Put on your dancing shoes, walk a mile in my shoes, and for goodness’ sake, don’t step on them, especially if they happen to be made of blue suede!  It amazes me how many ways we find to pay homage to the simple shoe.  Sure, they keep your flippers warm and dry, and I’ll be the first to admit that they can change your mood simply by being fabulous every time you look down, but do they really deserve to be celebrated in song, quoted in sayings, and sometimes even given their own rooms in our homes?

Welcome back to The Hollow, where today we continue our running photoblog series “Olde School“.  It always strikes my curiousity when I look at something from long ago.  So many questions flood my imagination.  Who owned them?  What adventures did they have?  What is the story, or stories, that belong to them?  I can’t help feeling that somehow they allow us to reach back and ponder infinite possibilities of a time that now exists only in books and movies and fables handed down through generations of families.  Simple gadgets and bric-a-brac that afford us a tiny snippet of understanding of a very different way of life that come together to show us not just where we’ve been, but more importantly, where we are heading.

So let’s don our most comfortable pair of hiking boots as we take a walk back in time, courtesy of one of our favourite places, the Metchosin Schoolhouse.

Metchosin Schoolhouse - Metchosin, BC, Canada

Metchosin Schoolhouse – Metchosin, BC, Canada

These tiny little Mary-Janes may lack the glitz and glamour of Dorothy’s ruby slippers, and they probably won’t get you to Kansas by tapping the heels, but they are beautiful in the same quiet and understated way of an elderly woman.  Perhaps there are more lines and creases than before, and years of living have left the toes a little scuffed, but look a little deeper and the real beauty starts to emerge.  Those lines were left by tiny feet learning to take their very first steps, the ones that would take them on to the first day of school, walking down the aisle, and whatever dreams they were meant to follow.  Those scuffs, a testament to mastering the tricycle and finding the perfect hiding spot for “Hide and Seek”.  The crooked little soles worn and shaped by years of learning to dance, chasing birds and butterflies, jumping rope and stomping in puddles.  And just when the toes are about to burst through the ends, the well-loved shoes find a new home on the next pair of tiny feet, usually a reluctant little sister.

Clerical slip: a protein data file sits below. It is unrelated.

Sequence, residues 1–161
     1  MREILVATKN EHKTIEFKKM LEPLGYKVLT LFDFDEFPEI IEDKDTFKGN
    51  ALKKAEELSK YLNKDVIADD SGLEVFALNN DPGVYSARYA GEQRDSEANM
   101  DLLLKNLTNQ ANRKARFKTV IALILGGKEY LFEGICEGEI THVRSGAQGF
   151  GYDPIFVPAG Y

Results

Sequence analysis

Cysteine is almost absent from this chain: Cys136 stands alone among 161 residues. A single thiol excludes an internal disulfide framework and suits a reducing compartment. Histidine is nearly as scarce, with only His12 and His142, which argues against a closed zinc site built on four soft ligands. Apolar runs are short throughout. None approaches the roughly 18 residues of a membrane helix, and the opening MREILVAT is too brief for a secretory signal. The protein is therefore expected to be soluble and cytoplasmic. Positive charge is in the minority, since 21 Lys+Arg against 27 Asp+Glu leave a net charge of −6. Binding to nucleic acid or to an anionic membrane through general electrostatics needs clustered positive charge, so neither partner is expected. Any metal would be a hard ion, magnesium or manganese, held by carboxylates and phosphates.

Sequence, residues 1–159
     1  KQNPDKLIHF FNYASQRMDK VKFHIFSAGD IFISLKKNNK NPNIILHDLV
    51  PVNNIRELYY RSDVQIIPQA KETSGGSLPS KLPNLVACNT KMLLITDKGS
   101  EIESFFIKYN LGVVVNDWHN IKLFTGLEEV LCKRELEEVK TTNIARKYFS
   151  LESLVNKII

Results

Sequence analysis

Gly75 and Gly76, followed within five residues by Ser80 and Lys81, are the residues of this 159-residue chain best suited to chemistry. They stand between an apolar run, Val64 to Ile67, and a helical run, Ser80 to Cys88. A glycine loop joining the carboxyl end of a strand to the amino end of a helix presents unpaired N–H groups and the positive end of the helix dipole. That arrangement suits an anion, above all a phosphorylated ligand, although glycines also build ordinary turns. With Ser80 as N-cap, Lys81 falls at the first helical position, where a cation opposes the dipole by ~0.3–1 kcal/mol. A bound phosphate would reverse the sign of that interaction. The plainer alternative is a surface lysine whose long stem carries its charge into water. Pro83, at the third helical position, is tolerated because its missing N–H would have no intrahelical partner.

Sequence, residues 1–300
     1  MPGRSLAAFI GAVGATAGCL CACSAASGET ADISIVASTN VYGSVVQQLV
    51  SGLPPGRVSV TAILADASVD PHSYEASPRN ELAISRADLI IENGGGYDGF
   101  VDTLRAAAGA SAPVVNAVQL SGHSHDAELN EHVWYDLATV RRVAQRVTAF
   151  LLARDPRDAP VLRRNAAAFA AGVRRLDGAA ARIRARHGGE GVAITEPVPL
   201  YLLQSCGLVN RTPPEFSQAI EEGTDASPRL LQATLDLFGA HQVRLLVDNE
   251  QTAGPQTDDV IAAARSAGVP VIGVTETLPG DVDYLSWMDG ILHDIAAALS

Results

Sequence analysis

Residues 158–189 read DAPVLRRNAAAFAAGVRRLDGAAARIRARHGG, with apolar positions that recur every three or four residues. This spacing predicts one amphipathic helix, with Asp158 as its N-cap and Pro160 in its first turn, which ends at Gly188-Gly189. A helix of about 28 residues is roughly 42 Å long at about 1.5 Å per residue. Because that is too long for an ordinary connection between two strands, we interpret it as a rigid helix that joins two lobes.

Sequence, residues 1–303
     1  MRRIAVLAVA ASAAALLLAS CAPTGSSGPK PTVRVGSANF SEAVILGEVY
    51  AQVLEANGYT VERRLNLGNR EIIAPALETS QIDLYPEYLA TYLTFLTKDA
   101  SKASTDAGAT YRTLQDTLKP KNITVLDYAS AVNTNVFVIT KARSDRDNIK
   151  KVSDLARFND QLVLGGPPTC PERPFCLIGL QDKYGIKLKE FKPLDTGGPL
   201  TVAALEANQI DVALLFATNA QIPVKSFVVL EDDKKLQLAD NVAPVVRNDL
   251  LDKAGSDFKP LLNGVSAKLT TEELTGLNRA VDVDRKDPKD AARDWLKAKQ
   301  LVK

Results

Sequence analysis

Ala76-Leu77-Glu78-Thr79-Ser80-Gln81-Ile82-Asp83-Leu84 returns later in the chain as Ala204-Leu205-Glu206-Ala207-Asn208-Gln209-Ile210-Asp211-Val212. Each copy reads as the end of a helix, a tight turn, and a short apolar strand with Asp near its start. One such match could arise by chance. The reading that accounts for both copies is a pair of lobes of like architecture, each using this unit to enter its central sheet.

Metchosin Schoolhouse - Metchosin, BC, Canada

Metchosin Schoolhouse – Metchosin, BC, Canada

Having raised a daughter myself, I can confidently say that no child ever wore these without much complaining.  As intricate and fanciful as they are, they can only mean one thing…the good shoes.  I am convinced that “good clothes” were invented by mothers, for mothers.  Tired of the daily chase to keep constantly kinetic children free of mud, worm slime, chocolate ice cream and other stains that naturally seek out shirts and dresses, they finally got wise and put together just one outfit that would allow them to prove to the world that their child could be tidy and presentable.  Unfortunately, there is not one single place that a child wants to be where chocolate ice cream is blatantly not permitted.  Rigid and uncomfortable, I can almost see the child wearing these, slumped in a church pew or theatre seat, counting the rivets, and the seconds, until the good shoes finally came off.  I offer no apologies to my own daughter however, the world just HAD to see that she could be tidy and presentable.  I guess it’s a mom thing.